Corn silage is often the number one feed in beef grower rations, typically accounting for up to 75 percent of total dry matter intake. So it almost goes without saying that both the quantity and quality of corn silage one makes have a big influence on cattle performance and feed cost. Decisions made in the next month regarding corn silage harvest are critical to success. Get Ready to Go The harvest window for maximum corn silage quality and yield is quite small. So be sure that you are ready when the corn is ready for optimum harvest. If you do your own chopping, then make sure that your equipment is all serviced and ready to go. If you rely on a custom operator, be sure to keep him informed as your corn matures and the estimated date that you will need to have it chopped. In all cases make sure that your silo(s) are ready to go and needed maintenance is completed. When to Chop Corn should be harvested between 1/3 to 3/4 kernel milkline, but there is large variation in the relationship between kernel milk-line and whole plant moisture. Therefore, it is very helpful to chop some whole plants (representative sample from the field) and determine the moisture as harvest time approaches. Once you know the current moisture content, expect the corn to dry down an average of 0.5% per day in typical weather, but up to 1% per day in hot and dry weather. For optimum yield, starch (energy) content and silage fermentation, the goal for corn silage harvest is 35 – 40% dry matter for tower silos and 32 – 37% dry matter for bunk silos. Chopping silage too wet will result in lower yield and lower starch content so that both beef per acre and beef per tonne of silage are reduced. Very wet corn silage may also have fermentation and feed out challenges. On the other hand, harvesting silage too dry will contribute to difficulty in packing, chopping and silage fermentation, It will also reduce digestibility of starch and fibre. Chop Length and Processing Chop length should be ½ inch to ¾ inch depending on processing and moisture level. Chopping too short may contribute to lack of effective fibre in finishing diets, but chopping too long will result in difficulty packing the silo well and may increase risk of cattle sorting the feed. Most people now agree that corn silage should be processed and the majority of corn silage is processed at harvest. However, lab samples and visual observations on farms show that most silage is not processed well enough. It is critical that almost all of the kernels are crushed, just as it is for HM corn. This is especially true when silage is chopped above 33 – 35% dry matter. Our friends at Pioneer recommend a very simple and effective test at harvest to see if corn silage is processed properly. Scoop silage into a 32 oz cup and then spread it out; if you see more than 1 or 2 half or whole kernels, discuss with the operator ways to tighten the roller or slow the harvest speed to improve processing. Use a Silage Inoculant Many silage inoculants are available to speed fermentation at harvest and/or improve stability and quality of silage at feeding. Beef producers should strongly consider using one to improve silage quality and reduce losses of dry matter and other nutrients. Since corn silage tends to spoil and heat at time of feeding, Buchneri products that are research proven to reduce this are recommended. It is best to use a product that contains more than one bacteria strain, one for lactic acid production at the start of fermentation and a Buchneri strain to increase bunk life. Filling, Packing and Covering All types of silos should be filled rapidly to exclude oxygen and begin fermentation. Silage in bunker silos must be packed and covered properly to drive out air and reduce dry matter loss and spoilage. Packing density should be at least 15 lbs of dry matter per cubic foot. The size and number of packing trackers must increase in proporLike us on Facebook to find out about upcoming events, new products & exciting promotions. www.facebook.com/pages/Grand-Valley-Fortifiers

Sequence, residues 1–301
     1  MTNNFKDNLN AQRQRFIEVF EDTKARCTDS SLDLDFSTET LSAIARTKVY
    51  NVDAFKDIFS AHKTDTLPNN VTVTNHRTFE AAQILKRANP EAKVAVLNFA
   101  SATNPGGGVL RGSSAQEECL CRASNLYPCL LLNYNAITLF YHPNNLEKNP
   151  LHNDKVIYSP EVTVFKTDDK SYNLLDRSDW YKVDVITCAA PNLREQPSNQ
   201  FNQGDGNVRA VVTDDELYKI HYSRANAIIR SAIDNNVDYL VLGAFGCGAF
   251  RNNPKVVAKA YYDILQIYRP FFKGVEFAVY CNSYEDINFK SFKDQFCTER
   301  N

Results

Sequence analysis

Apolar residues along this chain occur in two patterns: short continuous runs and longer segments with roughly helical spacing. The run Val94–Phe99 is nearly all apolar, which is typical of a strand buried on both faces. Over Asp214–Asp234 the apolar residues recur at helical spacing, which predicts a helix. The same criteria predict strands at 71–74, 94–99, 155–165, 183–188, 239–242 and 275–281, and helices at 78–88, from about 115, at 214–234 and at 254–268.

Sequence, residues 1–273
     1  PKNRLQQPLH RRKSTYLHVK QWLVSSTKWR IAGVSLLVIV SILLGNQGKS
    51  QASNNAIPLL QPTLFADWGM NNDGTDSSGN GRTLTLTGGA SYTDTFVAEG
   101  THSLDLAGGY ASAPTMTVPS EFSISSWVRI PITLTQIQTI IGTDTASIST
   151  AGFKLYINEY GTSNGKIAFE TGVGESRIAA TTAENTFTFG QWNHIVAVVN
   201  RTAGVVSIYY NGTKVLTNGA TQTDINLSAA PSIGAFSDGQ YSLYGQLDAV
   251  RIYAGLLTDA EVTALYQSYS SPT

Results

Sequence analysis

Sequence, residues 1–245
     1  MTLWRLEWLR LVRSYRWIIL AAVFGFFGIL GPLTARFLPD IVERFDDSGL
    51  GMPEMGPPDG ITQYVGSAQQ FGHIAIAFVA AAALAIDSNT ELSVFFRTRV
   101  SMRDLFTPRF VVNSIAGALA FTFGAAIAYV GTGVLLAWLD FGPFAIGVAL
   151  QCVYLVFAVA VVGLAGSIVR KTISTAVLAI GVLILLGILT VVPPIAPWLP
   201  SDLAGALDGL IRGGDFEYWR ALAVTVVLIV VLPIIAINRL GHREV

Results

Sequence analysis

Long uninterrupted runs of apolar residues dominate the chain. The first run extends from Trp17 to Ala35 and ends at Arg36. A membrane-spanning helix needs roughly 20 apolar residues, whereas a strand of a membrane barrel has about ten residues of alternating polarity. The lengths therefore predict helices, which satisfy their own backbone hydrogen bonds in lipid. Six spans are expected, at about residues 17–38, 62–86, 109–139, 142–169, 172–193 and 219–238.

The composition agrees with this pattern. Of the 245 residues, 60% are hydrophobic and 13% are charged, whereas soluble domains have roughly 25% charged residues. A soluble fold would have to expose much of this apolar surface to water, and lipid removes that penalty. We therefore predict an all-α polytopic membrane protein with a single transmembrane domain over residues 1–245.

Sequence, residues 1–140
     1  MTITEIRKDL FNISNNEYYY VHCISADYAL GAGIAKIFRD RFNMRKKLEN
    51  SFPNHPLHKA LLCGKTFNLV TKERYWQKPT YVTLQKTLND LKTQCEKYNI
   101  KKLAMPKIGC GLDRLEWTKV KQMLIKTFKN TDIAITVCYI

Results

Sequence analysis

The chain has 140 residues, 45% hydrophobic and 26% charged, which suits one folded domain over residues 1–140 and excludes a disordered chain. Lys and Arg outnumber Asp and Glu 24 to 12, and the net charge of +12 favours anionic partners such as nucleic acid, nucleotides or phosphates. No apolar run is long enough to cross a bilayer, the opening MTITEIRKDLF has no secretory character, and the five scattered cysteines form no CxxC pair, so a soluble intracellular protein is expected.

tion to the size of the silos and the speed of filling. Recommendations are that you need 800 lbs of tractor for every T/hr coming to the bunk silo. That would be 80,000 lbs of tractor for 100 T/hr of silage. Cover bunker silos as soon as possible after filling and ensure that the plastic, whatever type is used, remains tight against the silage. n

2.0 Tonne Bulk Premix Bin

T

his simple, steel storage bin has been designed to hold over 2 tonnes of bulk premix allowing producers to enjoy both a bulk and volume discount on their premix orders. Each 2 Tonne bin will come complete with a front mounted ladder and tarp top to keep debris and farm animals out. This bin is to be kept covered in a commodity shed or in an ingredient storage room but can easily be set outside with a fork equipped loader tractor or skid steer for easy filling. Improve the ease of storing bulk premix on your farm with this inexpensive bulk premix bin from Grand Valley Fortifiers.

62˝

9´3˝

48.5˝

Cubic Volume (not including the cone) 47˝L x 60˝W x 44˝H • 71.8 cubic feet • 2204.62 lbs/metric tonne Bulk Density

lbs./cu. Ft.

Beff Cow Premix

lbs./bin

tonnes/bin

75

5,385

2.44

Grower Finisher Premix 75

5,385

2.44

Purchase for $1,295.00 or finance for $54/month for 24 months

JOIN US AT

SEPTEMBER 10–12, 2013 8:30 a.m. – 5:00 p.m.

Come on out to the 20th anniversary of Canada’s Outdoor Farm Show! Grand Valley Fortifiers, Farmers Farmacy and Direct Source Commodities will all be onsite at the corner of Ninth Lane and Middle Machinery Mall. Our team looks forward to visiting with you so be sure to stop by and speak to Jamie O’Shea, Beef Specialist for Grand Valley Fortifiers.

Thought for the Day “A Promise from a Godly Prophet”

Blessed (is) the man that trusteth in the LORD, and whose hope the LORD is. For he shall be as a tree planted by the waters, and (that) spreadeth out her roots by the river, and shall not see when heat cometh, but her leaf shall be green; and shall not be careful in the year of drought, neither shall cease from yielding fruit. Jeremiah 17:7-8

Beef Grist 2013 - Fall  

The Canadian Angus Association AGM • Harvest Corn Silage for Maximum Quality